In this time of great pause for many activities and things in our lives, due to sheltering at home for the pandemic, we have the opportunity to build up our vital aspects of our character or be victim in their absence or weakness. This insightful article by our blogging associate, Gabriel Olver, focuses on ‘self discipline’ which plays a huge role in our personal success and fulfillment. If this is a character muscle you would like to flex and build, this will be a valuable guide.
The Value of Self Discipline
One of my favourite poems is called “If” by Rudyard Kipling. If you have not heard of this poem, I invite you to read it for yourself. In this poem, the author writes to his son, lessons on how to succeed in life and become a mature adult. Many of the lines of the poem involve delayed gratification and remaining disciplined and committed even in tumultuous times.
While working remotely from home due to Covid-19 I reflect on this poem and the necessity of self-discipline. The following are the strategies I found resourceful in beginning to expand this trait within my life.
Defining Self Discipline
Self-discipline to me means “doing the thing you are supposed to do when you are supposed to do it whether you feel like it or not”. This is a simple concept however not necessarily easy to consistently implement each day. Developing a new trait begins with our thoughts and how we view or relate to the concept of discipline.
Shifting the Way We View Self-Discipline
How we view self-discipline can have both positive and negative associations. The negative associations with self-discipline include viewing it as repressive, limiting, uncomfortable, and consistently saying NO to things. When viewed through this lens, developing any character trait is far less appealing.
Instead, actively choose to view self-discipline in its positive form. Rather than repressing, self-discipline PRIORITIZES our most important goals and commitments over lesser ones. Rather than limiting, self-discipline brings ORDER to our many wants, goals, and desires. The act of saying NO really means saying YES to something else more important to our lives.
This often is the case when doing what feels good or comfortable in the moment goes against a greater more overarching goal or commitment. Saying yes to these goals and commitments requires self-control and the ability to delay gratification.
Value of Delayed Gratification
When we consistently say yes to our most important priorities (family, career, health, etc.) even when doing so does not feel comfortable in the present moment, studies show that our achievements and happiness levels increase significantly. A 2013 study conducted by Wilhelm Hoffman concluded that those with higher levels of self-control wasted less time, made more rational decisions, and indulged less in activities detrimental to their health.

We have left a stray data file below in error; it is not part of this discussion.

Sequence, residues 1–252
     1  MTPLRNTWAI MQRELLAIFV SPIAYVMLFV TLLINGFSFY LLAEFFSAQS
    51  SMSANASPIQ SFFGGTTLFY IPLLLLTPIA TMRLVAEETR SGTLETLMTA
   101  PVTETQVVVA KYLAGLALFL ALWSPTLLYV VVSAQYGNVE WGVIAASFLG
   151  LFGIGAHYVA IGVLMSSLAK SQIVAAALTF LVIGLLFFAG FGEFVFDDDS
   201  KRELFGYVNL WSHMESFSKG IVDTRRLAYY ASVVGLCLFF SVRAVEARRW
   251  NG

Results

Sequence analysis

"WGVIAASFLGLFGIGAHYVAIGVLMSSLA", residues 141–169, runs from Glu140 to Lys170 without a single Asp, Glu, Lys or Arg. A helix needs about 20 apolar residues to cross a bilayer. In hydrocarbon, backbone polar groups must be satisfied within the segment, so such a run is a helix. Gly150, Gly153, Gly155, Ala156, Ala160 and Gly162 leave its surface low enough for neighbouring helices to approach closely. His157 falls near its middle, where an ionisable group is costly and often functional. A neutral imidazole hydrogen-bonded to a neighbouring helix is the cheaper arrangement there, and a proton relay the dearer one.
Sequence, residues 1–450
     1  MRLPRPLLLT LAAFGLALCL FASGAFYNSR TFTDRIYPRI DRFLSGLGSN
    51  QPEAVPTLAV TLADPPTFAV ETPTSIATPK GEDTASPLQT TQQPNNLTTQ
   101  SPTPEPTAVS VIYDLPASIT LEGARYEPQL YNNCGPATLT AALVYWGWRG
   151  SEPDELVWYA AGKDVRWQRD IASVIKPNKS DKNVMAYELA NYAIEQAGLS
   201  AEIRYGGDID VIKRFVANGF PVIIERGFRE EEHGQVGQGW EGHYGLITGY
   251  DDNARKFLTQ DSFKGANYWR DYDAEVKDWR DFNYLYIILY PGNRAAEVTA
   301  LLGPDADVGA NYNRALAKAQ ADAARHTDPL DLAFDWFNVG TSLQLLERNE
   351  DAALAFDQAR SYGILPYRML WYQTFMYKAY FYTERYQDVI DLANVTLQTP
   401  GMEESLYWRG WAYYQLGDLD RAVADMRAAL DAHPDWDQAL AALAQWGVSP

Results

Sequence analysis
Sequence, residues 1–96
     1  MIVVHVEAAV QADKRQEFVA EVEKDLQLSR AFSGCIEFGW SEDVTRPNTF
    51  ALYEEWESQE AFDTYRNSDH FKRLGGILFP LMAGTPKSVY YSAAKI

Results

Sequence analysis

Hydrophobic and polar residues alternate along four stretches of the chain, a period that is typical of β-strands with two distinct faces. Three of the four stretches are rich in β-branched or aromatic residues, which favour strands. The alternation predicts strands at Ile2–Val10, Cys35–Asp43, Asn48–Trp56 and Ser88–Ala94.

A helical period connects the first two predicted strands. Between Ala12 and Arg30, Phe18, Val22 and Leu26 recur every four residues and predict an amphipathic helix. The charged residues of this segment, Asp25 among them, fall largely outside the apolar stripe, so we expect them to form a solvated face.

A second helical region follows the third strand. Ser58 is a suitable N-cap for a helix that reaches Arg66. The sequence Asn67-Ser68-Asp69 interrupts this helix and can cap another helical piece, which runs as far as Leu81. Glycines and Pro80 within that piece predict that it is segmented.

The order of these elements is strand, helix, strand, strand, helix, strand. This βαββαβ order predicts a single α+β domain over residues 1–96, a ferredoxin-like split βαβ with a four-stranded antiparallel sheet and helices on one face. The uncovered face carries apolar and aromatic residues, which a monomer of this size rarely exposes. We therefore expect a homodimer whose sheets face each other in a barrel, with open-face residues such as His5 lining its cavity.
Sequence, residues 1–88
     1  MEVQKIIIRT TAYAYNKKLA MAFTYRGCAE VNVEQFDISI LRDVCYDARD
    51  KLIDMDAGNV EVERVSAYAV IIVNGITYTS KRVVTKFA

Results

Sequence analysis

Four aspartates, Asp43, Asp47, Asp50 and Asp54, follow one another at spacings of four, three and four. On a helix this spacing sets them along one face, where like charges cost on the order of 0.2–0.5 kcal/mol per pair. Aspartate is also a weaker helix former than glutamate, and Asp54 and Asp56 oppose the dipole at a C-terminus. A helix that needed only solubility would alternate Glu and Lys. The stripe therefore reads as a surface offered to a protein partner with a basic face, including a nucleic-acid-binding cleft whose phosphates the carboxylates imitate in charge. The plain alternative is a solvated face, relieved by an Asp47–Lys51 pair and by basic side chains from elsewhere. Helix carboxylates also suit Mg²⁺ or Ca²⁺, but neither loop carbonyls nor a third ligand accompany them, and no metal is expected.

One of my favourite studies on the value of delayed gratification is the famous Stanford Marshmallow experiment. In this experiment, children were offered a choice between a small but immediate reward and a bigger reward if they waited 15 minutes. During this time, the child was left alone with one marshmallow and could choose to eat it now or wait and be given two marshmallows when the researcher returned. Years later in follow up studies, it was shown that the children that were able to wait for the second marshmallow had better life outcomes in their career and health.
- Write out your most important goals, priorities, and commitments. Next rank each in order.
Audit yourself, is the time you spend each day or week reflecting what you hold most important in your life? How much time/energy do you spend on things that are momentarily gratifying but take you further away from the main priorities you wrote down.
- Consciously reallocate your time/energy to better reflect your initial list. Focus on one item until it becomes an ingrained habit in your life. This could be waking up earlier to exercise before work or turning your phone off while spending quality time with your loved ones.
- Until that time of habit formation, you will encounter resistance that requires you to exercise your will to remain disciplined.
- Willpower has been shown to deplete over the course of the day. Mitigate this by proactively avoiding temptations all together specifically at the end of the day.
- Reward yourself along the way. Begin small and celebrate your tiny victories with scheduled breaks, treats, or other rewards after you remain committed for a preset time.
In a world becoming increasingly filled with distractions and immediate gratification self-discipline is integral to your success. Deciding what is most important and investing time and energy into them, regardless of how we feel in the moment, will not only bring greater results but promote long term happiness in our lives. Start small and seek to go to bed just a bit more committed and disciplined each day.